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Blog Standards

13 Nov

Abuses, threatens and nasty comments happen in a daily basis on blogs all around the world. To avoid this kind of situations, bloggers could use some limits to have an appropriate use of their blogs, both by their selves and by anyone visiting.

However, note that the advices given should vary from blog to blog according to the topics and purposes of the blogs; and it would be a blog manager decision to follow all, some or none of them.

Here there are few advices/tips for the well going of your blog:

1. Your responsibility: Every blogger has a responsibility for the content made by their selves on their blog. However, the comments must be mentioned apart.

According to the lawyer Kraig Baker, there is not liability for the comments that individuals unconnected to the management of the blogs make. However, this does not mean that blog runners cannot be blamed at all. Is a bloggers work not only to post suitable content but to manage the comments received. With that it is referred to making every visitor, does not matter if it is a time to time or usual visitor, feel comfortable and safe.

If it is legally or not, a blogger does have liability for his/her posts, comments and even the tone of the sentences for both cases.

2. Difference between censorship and standards: Censorship on the blog sphere it is understood as deleting or editing comments with the aim of attempting on the freedom of speech. On the other hand, standards are the limits decided by the bloggers that mark the boundary between the acceptable and unacceptable behavior in their blog.

Although standards are personal and might change from blog to blog, these are some common unacceptable conducts in a blog (literary taken from here):

  • Being used to abuse, harass, stalk, threaten person(s)
  • Libelous, defamatory, knowingly false or misrepresents another person
  • Infringes upon any copyright, trademark, trade secret or patent of any third party
  • Violates any obligation of confidentiality
  • Violates the privacy, publicity, moral or any other right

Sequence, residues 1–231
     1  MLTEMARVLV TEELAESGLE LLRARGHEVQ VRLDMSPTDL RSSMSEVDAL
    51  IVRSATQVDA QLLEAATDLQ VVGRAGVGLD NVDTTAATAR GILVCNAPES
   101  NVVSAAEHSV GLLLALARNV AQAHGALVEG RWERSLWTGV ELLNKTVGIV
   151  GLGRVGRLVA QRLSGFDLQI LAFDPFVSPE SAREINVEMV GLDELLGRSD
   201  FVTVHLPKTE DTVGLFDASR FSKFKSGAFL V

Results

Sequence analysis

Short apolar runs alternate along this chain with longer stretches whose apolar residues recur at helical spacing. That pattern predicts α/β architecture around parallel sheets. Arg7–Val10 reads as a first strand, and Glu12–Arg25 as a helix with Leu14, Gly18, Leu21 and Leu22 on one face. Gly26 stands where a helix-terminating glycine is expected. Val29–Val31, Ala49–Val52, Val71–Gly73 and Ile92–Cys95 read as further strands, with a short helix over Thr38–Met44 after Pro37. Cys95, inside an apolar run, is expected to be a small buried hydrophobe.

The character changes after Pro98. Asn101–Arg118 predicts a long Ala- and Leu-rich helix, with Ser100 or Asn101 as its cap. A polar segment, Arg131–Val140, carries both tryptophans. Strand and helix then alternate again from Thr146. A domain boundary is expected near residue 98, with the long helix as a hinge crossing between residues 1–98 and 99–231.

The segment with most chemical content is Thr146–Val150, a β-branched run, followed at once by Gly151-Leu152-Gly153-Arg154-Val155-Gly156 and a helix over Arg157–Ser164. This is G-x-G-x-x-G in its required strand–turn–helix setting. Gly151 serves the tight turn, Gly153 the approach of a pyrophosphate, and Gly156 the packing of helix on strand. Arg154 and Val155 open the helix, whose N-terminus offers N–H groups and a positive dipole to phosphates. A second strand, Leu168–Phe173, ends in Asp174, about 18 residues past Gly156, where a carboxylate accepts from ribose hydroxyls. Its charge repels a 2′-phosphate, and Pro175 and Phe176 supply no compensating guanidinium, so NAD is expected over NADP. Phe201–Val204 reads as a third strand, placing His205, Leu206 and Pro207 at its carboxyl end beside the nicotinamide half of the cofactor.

• Contain editorial content that has been commissioned and paid for by a third party

For more information click here

3. Deleting comments: if the need of deleting a comment appears due to the violation of any of the points above or any other stated by the blog manager, do it. Also, tell you did so and explain why (markers for these explanations somewhere in the blog would be a good idea according to Tim O´Reilly).

However, caution with this point. First, bloggers should make standards available (by an image or link to the post of the standards). This is important for the visitor to be aware of the performance expected from him/her in the blog. Secondly, only when it is a justified delete it should be done, never for purposes for the convenience of the blogger.

Also ignore trolls. There will always be people trying to fight publicly about anything and the delete of posts could give the best excuse to them to do so; but the public fight will just have unfortunate consequences to the blog of the blogger.

To help with the well management in this aim, moderation mechanisms could be a great help. In last term, there is always the recourse of banning the IP addresses of the violators of the guidelines.

4. Anonymous comments. Tricky aspect here. Meanwhile anonymity it is very necessary under certain situations, for instance, because of the repression of an authoritarian regime; usually it is used as a way of express inappropriately with no furhter consequences.

Even some governments are thinking on performing in this issue, by now this is still a blog decision. If the blog topic makes necessary the non-authentication for comments (if, for example, is a blog focused on inform against a war or crimes against the civil rights), then it will be up to the manager of the blog and his standards which ones delete and which ones to be visible.

If the topic of the blog does not make necessary this recourse for the free expression, then bloggers should consider whether using this tool or not.

5. If you know someone that is not behaving properly on internet tell her/him so.  It is not necessary to know any standards or law to know when someone is doing something wrong and to know the repercussions it could have.

If you doubt if your attitude have been correct or in the future when you want to comment anything, as Tim O´Reilly said in his blog, remember:

“DO NOT SAY ANYTHING ONLINE YOU WOULD NOT SAY IN PERSON!”

The lack of legislation on blog terms makes the well going of a blog a personal decision of the manager of this communication system, it will be his or her responsibility to sit down and think on what kind of blog he or she wants to run and the consequences on having a blog could have and making standards according to this. If this mesures are not taken, they will risk their blogs to nasty episodes of hatred or abuse.

For the users is as easy as to follow standards when given or rationality and logic when not. Internet is probably the freest “place” in the world but remember that someone´s freedom ends where another individual’s freedom starts. Harassing, threatening or abusing are not acceptable conducts neither in real nor online life.

References:

Tim O´Reilly. (2012). Call for a Blogger’s Code of Conduct. Retrieved from http://radar.oreilly.com/2007/03/call-for-a-bloggers-code-of-co.html

http://radar.oreilly.com/2007/04/draft-bloggers-code-of-conduct.html

http://radar.oreilly.com/2007/04/code-of-conduct-lessons-learne.html

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Posted by on November 13, 2012 in Class activites

 

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